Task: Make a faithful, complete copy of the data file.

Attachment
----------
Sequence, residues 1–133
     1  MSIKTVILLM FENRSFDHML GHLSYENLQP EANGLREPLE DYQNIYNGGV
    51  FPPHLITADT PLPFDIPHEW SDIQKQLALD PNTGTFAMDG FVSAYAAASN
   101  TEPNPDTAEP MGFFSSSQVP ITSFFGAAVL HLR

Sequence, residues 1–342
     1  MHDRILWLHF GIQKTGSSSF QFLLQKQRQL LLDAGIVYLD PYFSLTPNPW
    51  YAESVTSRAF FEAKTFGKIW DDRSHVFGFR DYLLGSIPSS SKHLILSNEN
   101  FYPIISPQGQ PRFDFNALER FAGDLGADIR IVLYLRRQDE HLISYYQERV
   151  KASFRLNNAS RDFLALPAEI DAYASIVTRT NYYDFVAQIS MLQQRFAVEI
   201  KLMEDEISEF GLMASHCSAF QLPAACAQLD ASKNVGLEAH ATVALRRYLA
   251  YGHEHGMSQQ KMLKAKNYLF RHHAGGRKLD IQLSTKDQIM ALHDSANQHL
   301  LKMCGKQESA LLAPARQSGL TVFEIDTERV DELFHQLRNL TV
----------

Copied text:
Sequence, residues 1–133
     1  MSIKTVILLM FENRSFDHML GHLSYENLQP EANGLREPLE DYQNIYNGGV
    51  FPPHLITADT PLPFDIPHEW SDIQKQLALD PNTGTFAMDG FVSAYAAASN
   101  TEPNPDTAEP MGFFSSSQVP ITSFFGAAVL HLR

Sequence, residues 1–342
     1  MHDRILWLHF GIQKTGSSSF QFLLQKQRQL LLDAGIVYLD PYFSLTPNPW
    51  YAESVTSRAF FEAKTFGKIW DDRSHVFGFR DYLLGSIPSS SKHLILSNEN
   101  FYPIISPQGQ PRFDFNALER FAGDLGADIR IVLYLRRQDE HLISYYQERV
   151  KASFRLNNAS RDFLALPAEI DAYASIVTRT NYYDFVAQIS MLQQRFAVEI
   201  KLMEDEISEF GLMASHCSAF QLPAACAQLD ASKNVGLEAH ATVALRRYLA
   251  YGHEHGMSQQ KMLKAKNYLF RHHAGGRKLD IQLSTKDQIM ALHDSANQHL
   301  LKMCGKQESA LLAPARQSGL TVFEIDTERV DELFHQLRNL TV